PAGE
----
Hypocrites always love the fig leaf, and the Republican radicals crusading against women’s reproductive rights have been shrewd enough to cloak their real goal with pious claims that they’re just defending America’s freedom of religion.
But since the issues currently making headlines include the power to deny insurance coverage for birth control to non-Catholics, the rights of the religious are hardly the most worrisome issue we face, no matter how strident the disingenuous claims of the GOP’s anti-woman warriors.
To a growing segment of the American electorate, a much greater concern than the freedom of religion is the freedom from religion.
Every election year generates a new round of sanctimonious baloney from conservative Christians who purport to speak for every American in defining what the United States is all about. Whether explicit or implicit, the presumption underlying their pronouncements is the idea that America is a Judeo-Christian country whose actions and policies should be guided by the religious doctrines deriving from that tradition.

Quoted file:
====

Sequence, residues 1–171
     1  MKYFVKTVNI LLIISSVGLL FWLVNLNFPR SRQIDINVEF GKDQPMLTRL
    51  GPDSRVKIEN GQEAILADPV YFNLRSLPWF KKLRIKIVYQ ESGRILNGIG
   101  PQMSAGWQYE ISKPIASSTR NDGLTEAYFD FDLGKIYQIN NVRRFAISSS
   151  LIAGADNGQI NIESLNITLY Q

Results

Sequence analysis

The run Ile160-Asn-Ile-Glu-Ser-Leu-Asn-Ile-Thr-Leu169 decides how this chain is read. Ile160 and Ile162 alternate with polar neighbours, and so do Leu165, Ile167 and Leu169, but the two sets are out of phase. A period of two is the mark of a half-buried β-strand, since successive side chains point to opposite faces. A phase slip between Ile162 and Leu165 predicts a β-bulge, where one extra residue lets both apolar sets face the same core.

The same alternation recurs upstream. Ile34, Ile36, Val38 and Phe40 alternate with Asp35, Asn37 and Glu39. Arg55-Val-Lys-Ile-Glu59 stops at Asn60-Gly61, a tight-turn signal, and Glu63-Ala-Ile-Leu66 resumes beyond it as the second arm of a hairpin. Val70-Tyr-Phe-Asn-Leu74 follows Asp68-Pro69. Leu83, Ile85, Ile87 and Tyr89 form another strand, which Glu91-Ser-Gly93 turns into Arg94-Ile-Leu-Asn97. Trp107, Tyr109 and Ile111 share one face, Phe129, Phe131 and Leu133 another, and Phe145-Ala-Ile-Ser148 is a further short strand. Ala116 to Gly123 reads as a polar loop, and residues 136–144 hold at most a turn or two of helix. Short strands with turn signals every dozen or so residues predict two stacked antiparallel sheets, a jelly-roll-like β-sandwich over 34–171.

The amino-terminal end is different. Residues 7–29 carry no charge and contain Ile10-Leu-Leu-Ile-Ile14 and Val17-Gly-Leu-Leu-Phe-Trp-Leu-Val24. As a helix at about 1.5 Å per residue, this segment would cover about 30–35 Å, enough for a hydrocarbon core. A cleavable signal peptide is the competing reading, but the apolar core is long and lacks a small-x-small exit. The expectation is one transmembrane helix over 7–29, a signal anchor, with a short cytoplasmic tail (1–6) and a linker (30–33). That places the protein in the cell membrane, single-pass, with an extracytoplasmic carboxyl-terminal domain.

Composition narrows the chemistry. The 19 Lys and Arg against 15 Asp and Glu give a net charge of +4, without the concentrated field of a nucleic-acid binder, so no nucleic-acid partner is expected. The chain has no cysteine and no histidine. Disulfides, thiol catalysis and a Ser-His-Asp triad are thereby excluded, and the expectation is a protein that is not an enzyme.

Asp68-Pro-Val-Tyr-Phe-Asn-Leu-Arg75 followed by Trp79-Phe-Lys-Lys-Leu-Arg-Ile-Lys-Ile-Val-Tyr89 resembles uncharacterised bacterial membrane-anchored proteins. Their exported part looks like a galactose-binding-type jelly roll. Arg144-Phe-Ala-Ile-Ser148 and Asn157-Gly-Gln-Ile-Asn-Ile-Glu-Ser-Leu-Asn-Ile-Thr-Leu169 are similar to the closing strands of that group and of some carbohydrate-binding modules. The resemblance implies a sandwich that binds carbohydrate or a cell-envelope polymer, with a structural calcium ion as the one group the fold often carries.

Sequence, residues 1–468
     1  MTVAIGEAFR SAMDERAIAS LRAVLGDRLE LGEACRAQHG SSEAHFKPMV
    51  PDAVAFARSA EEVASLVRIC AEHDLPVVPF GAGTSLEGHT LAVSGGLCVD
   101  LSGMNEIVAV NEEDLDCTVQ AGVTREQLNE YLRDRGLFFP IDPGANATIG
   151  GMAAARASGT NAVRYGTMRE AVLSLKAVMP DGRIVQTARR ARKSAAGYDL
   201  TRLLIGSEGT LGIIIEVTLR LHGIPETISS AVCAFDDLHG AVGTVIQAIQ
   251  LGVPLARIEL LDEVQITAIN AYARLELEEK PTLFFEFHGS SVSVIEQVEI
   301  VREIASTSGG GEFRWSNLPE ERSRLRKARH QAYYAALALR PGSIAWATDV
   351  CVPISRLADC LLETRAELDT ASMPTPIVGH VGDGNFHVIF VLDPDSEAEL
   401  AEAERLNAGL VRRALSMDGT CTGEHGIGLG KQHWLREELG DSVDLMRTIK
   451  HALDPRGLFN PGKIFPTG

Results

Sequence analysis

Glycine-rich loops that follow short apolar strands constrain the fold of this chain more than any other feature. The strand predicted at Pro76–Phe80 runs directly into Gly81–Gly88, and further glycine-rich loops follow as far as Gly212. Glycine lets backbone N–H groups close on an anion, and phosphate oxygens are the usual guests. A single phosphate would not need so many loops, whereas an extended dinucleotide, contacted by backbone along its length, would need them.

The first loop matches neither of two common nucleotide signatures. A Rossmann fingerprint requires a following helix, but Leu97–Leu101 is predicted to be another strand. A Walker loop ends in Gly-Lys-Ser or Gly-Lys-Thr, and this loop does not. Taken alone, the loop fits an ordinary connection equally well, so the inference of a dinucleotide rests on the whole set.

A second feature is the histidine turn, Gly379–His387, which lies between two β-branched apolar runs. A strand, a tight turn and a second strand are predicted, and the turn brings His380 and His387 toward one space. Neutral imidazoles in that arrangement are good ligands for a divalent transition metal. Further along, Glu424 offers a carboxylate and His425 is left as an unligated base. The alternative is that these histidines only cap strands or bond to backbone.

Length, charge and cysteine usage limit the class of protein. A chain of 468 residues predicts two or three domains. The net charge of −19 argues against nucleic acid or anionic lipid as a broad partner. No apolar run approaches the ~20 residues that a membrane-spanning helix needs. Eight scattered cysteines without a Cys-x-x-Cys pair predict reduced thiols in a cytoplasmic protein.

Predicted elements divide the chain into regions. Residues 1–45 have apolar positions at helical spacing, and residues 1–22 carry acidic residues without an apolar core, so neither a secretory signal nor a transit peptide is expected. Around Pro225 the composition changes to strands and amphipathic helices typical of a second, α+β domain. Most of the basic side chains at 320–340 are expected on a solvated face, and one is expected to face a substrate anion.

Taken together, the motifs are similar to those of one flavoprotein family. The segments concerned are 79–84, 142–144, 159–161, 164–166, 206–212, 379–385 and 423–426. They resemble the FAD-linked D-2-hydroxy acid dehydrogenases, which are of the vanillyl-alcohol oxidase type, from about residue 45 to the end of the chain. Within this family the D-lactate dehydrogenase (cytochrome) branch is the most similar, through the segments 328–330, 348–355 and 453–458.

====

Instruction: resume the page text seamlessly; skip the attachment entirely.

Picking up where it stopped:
Lost in all the overheated rhetoric is a crucial principle: the freedom from a dominant or state-sanctioned religion and its dictates is far more fundamental to American history and everything this country is actually supposed to stand for than any individual church or faith has ever been.
Unfortunately, such historical facts seem lost on Rick Santorum, whose religious beliefs have defined his policy positions in the secular world.
"Contraception is a license to do things in a sexual realm that is counter to the way things are supposed to be," Santorum opined, as ungrammatical as he is serenely untroubled by any doubt about “the way things are supposed to be.”
Santorum’s vision is drastically circumscribed by his radical Catholicism, and like most ideologues, he wants to impose those strictures on the rest of us no matter how our belief systems might differ from his. As far as he’s concerned, “the way things are supposed to be” is the product of a fixed religious doctrine that represents the final word of God. Santorum’s idea of an omnipotent supernatural creator is the only one that counts, and everyone else is supposed to venerate the same deity and the same dogma.